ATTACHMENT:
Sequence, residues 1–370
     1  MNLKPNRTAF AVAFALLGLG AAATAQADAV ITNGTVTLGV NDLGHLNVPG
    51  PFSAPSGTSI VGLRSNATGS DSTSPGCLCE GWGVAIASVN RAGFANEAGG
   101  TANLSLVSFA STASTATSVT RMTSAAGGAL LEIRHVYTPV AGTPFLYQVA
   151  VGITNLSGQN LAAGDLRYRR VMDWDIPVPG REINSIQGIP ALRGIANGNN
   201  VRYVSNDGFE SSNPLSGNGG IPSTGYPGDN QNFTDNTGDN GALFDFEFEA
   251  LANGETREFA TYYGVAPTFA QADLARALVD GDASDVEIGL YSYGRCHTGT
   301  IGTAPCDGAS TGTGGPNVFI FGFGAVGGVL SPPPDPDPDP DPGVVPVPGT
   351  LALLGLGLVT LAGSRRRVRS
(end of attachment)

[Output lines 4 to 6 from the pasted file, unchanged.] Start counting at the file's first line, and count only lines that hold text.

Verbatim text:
   101  TANLSLVSFA STASTATSVT RMTSAAGGAL LEIRHVYTPV AGTPFLYQVA
   151  VGITNLSGQN LAAGDLRYRR VMDWDIPVPG REINSIQGIP ALRGIANGNN
   201  VRYVSNDGFE SSNPLSGNGG IPSTGYPGDN QNFTDNTGDN GALFDFEFEA